Changes to this privacy policy

The University reserves the right to change, amend, or update this privacy policy periodically.

Modifications to the website

The University reserves the right to modify, change, amend or discontinue the website (or any part thereof) temporarily or permanently, without prior notice.


The University may provide links to other websites or resources. This does not imply the University's endorsement of such sites. The University does not have any control over these websites and will, therefore, not be liable for any damages whatsoever arising from the utilisation of these websites by users.

The University does not prohibit third-party sites to link to publicly visible content on this website. However, it is expressly prohibited for any third party to frame any page on this website in any way whatsoever without the prior written approval of the University.

University of Pretoria proprietary rights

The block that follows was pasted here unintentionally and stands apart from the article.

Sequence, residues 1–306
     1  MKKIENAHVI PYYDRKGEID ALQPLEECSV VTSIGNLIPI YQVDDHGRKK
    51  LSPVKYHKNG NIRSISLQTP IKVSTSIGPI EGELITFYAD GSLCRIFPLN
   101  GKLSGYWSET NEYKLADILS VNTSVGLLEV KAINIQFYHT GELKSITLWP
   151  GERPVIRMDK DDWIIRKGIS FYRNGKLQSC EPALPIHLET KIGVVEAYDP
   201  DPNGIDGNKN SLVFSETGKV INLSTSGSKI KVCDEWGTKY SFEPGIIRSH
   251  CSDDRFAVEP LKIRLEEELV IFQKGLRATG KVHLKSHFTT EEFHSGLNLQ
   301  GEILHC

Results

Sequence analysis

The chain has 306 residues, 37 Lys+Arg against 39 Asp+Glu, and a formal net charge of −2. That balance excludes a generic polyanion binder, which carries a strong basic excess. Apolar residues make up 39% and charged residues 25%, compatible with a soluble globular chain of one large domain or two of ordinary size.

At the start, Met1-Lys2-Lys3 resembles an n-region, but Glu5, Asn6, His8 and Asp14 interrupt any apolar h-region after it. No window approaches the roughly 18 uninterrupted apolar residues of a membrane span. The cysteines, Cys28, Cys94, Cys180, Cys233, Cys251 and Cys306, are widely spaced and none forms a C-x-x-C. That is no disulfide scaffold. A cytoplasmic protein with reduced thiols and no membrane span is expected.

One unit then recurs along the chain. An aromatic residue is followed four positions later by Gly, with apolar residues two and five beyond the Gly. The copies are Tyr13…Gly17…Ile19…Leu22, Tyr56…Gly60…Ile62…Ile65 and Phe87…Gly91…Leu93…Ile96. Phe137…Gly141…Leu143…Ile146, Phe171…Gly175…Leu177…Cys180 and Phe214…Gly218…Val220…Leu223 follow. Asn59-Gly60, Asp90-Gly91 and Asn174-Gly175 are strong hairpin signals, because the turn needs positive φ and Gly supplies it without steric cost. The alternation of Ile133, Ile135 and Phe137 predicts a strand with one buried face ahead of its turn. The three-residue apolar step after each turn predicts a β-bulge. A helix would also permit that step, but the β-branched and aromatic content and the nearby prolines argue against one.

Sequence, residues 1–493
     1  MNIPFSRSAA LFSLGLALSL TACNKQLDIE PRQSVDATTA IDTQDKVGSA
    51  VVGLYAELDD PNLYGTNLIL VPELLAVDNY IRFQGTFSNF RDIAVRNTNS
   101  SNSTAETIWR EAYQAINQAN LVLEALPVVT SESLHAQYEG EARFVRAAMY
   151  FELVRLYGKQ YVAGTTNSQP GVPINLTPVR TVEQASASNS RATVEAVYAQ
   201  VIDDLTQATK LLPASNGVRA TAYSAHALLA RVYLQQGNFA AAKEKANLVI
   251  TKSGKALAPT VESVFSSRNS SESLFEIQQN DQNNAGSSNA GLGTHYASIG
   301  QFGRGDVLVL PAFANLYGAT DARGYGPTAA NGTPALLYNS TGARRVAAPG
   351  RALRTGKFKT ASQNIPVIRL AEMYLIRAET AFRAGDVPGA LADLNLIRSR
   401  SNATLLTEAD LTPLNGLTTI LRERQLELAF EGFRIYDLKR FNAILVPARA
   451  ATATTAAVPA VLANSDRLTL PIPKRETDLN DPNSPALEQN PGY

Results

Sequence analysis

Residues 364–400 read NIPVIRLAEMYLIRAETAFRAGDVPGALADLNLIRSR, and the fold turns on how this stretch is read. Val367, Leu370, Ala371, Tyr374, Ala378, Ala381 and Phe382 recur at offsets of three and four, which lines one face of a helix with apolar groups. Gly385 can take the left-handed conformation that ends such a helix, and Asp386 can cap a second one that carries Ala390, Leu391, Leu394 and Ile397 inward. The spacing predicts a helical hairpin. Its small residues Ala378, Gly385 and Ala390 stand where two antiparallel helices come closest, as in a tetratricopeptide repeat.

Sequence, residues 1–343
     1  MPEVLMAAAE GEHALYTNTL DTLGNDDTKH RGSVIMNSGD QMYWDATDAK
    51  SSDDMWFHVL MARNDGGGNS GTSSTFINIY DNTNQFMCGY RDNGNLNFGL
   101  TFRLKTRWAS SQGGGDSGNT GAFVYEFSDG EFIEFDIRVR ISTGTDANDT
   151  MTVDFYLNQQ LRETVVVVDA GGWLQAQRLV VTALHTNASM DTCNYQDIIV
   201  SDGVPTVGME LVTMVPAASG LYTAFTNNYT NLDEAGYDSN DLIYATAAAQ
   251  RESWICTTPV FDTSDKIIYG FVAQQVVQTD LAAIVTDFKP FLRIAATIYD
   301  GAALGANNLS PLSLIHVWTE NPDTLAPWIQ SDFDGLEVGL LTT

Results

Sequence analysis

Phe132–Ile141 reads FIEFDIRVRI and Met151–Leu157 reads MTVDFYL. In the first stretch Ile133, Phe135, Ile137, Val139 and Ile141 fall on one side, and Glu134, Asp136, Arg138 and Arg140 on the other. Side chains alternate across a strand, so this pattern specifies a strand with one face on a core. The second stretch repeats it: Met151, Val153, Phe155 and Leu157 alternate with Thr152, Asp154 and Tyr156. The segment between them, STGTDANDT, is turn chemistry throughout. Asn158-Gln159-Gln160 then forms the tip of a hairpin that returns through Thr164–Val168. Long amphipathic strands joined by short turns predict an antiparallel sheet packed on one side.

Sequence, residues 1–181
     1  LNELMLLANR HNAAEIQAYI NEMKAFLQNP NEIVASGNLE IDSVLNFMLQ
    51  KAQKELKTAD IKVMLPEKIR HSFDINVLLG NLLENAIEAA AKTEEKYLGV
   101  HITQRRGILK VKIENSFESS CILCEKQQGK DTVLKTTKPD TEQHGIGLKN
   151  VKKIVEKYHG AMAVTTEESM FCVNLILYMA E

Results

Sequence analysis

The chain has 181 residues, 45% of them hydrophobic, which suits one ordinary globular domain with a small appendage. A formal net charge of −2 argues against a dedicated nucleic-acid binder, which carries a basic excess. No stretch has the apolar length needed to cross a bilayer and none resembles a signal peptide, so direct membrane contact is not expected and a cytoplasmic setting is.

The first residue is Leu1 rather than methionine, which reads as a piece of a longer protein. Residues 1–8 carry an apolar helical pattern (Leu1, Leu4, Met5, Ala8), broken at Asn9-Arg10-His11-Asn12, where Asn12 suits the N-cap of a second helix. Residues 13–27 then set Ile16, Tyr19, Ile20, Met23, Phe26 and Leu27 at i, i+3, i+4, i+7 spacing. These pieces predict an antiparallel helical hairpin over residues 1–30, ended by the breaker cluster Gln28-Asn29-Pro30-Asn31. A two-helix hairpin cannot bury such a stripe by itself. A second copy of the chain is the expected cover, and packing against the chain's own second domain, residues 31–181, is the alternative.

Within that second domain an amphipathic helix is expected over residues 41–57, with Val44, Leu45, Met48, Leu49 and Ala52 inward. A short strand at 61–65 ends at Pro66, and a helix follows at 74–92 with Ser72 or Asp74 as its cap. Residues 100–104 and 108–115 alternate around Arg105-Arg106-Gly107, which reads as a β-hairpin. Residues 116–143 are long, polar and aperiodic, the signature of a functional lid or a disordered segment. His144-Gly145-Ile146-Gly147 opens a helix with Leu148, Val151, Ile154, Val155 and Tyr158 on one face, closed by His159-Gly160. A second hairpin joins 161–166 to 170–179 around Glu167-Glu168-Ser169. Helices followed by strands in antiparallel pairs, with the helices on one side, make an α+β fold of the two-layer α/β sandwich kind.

The copyright and other intellectual property rights (which include the University’s brand and logo), which are owned by or licensed to the University, existing in and attaching to this website, are the property of the University. These include but are not limited to text, content, design, layout, graphics, organisation, digital conversion and other information related to the website.

Users are granted a non-exclusive, non-transferable, revocable licence to:

  • access and use this website strictly in accordance with these terms;
  • use this website solely for personal, non-commercial purposes; and
  • download or print out or distribute content from the website, or any part thereof, solely for personal, non-commercial purposes, provided that all copyright and other intellectual property notices therein are unchanged.

Any reproduction of the content of this website, or a portion thereof, must include the following copyright notice: ©University of Pretoria. Users who wish to use the content from this website for commercial purposes may only do so with prior written permission from the University.